By Aponjon Content team
How is your baby doing? Hope he is healthy and growing well. May be you have already given him a dose or two of vaccines. It is important that your baby gets the required vaccines on time. This will protect him from many life-threatening diseases.
Some vaccines are made available by the government free of cost while others are available for a cost in both private and government hospitals.
What are the vaccines?
The EPI vaccines:
The most important childhood vaccines are made available by the government free of cost under the Expanded Program on Immunization (EPI). These vaccines are considered compulsory. You can get these vaccines at any government hospitals, upazilla health complexes or union health centers. Even the private hospitals who provide vaccination service lets you avail these vaccines for free.
These vaccines cover immunization against almost all the major diseases endemic in Bangladesh that are preventable by vaccines. By availing these vaccines under the EPI program, you can save as much as Tk. 15 thousand for the purpose of vaccination of your baby. The EPI vaccines are –
2. Pentavalent vaccine (DPT, Hepatitis B, Haemophilus influenza-B)
3. Pneumococcal Conjugate Vaccine (PCV)
4. Oral Polio Vaccine (OPV)
5. Measles & Rubella (MR) vaccine
6. Measles vaccine
The following vaccines are not covered by the EPI program. These vaccines are considered optional.
3. Hepatitis A
5. Meningococcal-C Conjugate
You may opt for giving these vaccines to your baby for additional protection from some other diseases.
However, these vaccines are not free of cost and these may not be available in the government hospitals.
How many doses and when?
If your baby hasn't been fully vaccinated against an illness, he is not as protected as he could be. Your baby may need several doses of the same vaccine to protect him effectively against each of these diseases. So it is important to follow your child's immunization schedule.
The schedule for EPI vaccines is as follows:
Total Number of Doses
|Recommend Ages of Doses|
|BCG||1||From after birth|
|Pentavalent vaccine||3||6, 10, 14 weeks|
|PCV||3||6, 10, 14 weeks|
|OPV (Polio)||4||6, 10, 14 weeks, 9 months|
|MR vaccine||1||9 months|
The non EPI vaccines can be given according to the following schedule:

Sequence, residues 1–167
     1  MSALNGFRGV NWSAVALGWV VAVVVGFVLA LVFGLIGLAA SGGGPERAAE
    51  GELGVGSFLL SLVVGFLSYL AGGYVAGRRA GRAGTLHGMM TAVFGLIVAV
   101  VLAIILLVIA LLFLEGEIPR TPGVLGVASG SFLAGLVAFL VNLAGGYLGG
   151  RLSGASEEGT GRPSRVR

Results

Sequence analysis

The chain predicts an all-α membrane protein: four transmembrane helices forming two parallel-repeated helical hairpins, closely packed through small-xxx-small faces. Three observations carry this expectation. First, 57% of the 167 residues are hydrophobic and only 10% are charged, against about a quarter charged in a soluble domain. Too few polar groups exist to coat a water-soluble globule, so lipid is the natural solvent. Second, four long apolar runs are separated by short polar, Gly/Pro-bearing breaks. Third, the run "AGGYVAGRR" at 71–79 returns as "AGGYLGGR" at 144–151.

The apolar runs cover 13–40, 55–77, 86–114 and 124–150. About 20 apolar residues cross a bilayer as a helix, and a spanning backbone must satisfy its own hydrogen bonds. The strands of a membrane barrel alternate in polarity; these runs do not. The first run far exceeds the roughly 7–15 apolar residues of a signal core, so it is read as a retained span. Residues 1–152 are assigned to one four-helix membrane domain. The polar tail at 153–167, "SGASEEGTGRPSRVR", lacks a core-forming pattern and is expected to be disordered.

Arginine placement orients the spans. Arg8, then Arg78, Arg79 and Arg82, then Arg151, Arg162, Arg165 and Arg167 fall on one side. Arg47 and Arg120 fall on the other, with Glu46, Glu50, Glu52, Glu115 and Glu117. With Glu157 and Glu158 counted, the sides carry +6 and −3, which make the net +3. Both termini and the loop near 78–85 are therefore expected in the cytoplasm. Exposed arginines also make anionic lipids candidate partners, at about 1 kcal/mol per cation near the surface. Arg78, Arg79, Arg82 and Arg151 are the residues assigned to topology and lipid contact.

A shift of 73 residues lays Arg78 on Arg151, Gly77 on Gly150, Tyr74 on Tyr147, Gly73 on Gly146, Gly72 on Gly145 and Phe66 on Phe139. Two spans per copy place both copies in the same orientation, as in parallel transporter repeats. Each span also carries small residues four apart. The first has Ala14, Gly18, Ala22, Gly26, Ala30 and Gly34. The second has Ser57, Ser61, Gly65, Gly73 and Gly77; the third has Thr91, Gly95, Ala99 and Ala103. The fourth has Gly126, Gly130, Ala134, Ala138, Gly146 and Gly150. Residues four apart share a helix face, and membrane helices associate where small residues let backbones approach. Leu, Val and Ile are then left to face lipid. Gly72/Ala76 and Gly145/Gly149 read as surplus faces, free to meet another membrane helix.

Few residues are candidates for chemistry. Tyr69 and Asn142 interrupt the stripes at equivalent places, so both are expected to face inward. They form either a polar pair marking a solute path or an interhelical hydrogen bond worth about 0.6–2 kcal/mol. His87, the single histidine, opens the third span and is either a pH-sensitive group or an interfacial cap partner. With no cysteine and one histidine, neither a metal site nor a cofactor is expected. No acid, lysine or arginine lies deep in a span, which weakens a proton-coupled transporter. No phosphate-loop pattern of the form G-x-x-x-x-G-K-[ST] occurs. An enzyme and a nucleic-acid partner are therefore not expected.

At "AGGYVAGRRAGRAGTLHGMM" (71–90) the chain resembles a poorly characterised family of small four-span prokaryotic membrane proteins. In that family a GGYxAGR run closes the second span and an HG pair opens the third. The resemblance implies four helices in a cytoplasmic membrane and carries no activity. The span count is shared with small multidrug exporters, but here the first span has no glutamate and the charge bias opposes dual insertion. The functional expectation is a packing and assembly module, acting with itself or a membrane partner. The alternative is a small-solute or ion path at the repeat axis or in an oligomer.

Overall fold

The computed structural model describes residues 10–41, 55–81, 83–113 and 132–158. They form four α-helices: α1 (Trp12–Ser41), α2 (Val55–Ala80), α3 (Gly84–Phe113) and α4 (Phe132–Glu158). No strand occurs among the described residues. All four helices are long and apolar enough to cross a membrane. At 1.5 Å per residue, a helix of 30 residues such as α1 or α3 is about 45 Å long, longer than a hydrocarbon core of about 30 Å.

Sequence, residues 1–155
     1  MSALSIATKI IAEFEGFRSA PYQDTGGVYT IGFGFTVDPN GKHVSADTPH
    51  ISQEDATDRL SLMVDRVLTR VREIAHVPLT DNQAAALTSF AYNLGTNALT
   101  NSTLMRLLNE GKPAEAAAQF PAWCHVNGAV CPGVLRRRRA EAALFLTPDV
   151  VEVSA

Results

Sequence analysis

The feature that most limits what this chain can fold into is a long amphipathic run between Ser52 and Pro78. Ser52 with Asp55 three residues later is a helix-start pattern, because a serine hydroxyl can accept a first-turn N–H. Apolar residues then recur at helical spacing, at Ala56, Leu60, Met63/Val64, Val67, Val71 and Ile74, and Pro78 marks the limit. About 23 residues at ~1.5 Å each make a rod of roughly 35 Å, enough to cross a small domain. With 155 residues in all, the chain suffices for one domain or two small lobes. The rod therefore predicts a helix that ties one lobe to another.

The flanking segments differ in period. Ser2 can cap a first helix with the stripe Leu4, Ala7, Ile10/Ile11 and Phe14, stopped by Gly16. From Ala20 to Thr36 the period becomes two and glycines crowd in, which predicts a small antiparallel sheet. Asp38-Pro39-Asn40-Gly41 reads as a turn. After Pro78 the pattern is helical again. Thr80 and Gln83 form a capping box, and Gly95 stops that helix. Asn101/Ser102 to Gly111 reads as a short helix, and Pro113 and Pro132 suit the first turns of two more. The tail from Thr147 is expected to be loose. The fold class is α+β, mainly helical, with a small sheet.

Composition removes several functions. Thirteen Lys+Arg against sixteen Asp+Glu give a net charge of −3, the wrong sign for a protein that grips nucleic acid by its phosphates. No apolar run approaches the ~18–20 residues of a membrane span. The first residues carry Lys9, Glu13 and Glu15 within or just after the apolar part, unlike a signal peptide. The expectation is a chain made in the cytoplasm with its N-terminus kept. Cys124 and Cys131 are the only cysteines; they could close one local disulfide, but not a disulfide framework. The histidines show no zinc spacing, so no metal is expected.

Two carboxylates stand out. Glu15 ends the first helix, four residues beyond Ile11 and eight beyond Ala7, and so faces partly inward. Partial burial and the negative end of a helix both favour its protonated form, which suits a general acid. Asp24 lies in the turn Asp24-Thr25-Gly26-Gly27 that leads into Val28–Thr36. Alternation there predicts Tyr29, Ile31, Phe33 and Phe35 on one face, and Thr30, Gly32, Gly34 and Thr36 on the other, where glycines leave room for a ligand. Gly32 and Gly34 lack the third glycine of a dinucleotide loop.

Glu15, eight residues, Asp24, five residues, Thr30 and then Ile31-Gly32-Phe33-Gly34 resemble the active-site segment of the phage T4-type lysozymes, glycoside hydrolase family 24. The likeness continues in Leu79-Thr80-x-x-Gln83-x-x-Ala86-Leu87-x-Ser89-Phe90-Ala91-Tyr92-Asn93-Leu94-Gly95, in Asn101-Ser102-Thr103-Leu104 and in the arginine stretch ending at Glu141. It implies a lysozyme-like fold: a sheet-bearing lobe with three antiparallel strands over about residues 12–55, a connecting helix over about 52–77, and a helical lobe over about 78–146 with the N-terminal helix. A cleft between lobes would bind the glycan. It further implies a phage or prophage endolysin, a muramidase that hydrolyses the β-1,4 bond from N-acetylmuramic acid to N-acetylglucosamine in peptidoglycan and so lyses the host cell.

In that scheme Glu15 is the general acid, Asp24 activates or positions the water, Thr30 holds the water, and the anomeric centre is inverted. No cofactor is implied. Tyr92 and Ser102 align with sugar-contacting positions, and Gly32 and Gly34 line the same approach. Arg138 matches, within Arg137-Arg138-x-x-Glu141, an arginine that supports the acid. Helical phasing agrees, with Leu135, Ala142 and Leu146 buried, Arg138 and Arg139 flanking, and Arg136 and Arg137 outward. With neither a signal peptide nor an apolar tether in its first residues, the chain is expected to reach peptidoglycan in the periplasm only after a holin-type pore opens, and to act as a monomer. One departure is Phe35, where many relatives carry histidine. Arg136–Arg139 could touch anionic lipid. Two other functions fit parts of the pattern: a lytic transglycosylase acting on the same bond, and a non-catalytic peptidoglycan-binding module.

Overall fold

|Vaccine||Total Number of Doses||Recommend Ages of Doses|
|Rotavirus||2||2, 4 months|
|Chickenpox/Varicella||2||12-15 months, 4-5 years|
|Hepatitis A||2||12, 18 months|
|Typhoid||1||24 months, booster every 2 years|
|Meningococcal-C Conjugate||1||12 months|
Annual, 2 doses for first year if < 8 years of age
Why it is important to get your baby vaccinated?
Childhood immunizations protect your baby from potentially serious illnesses at the start of his life.
If your child is immunized against an illness, the chances of getting that illness are reduced to a great extent as your child's body has already made antibodies against it.
Diphtheria Pertussis (Whooping cough) Haemophilus influenzae type b
|OPV (Polio)||Poliomyelitis (Polio)|
|Hepatitis A||Hepatitis A|
|Meningococcal-C Conjugate||Meningococcal meningitis|
|Influenza||Influenza (Seasonal flu)|
Are vaccinations safe?
Experts agree that immunizations are safe for your child. All vaccines are thoroughly tested before being licensed for use.
Immunizations given by injection are likely to upset babies and young children, making them irritable. Nursing your baby soon after the shot can help her calm down. Try giving lots of her favorite toys and play with her to distract her from the pain.
There will often be redness and swelling around the injection site. Your baby might develop a mild fever.Usually this is nothing to be worried about. However, you should see your doctor if she develops very high temperature or a febrile convulsion.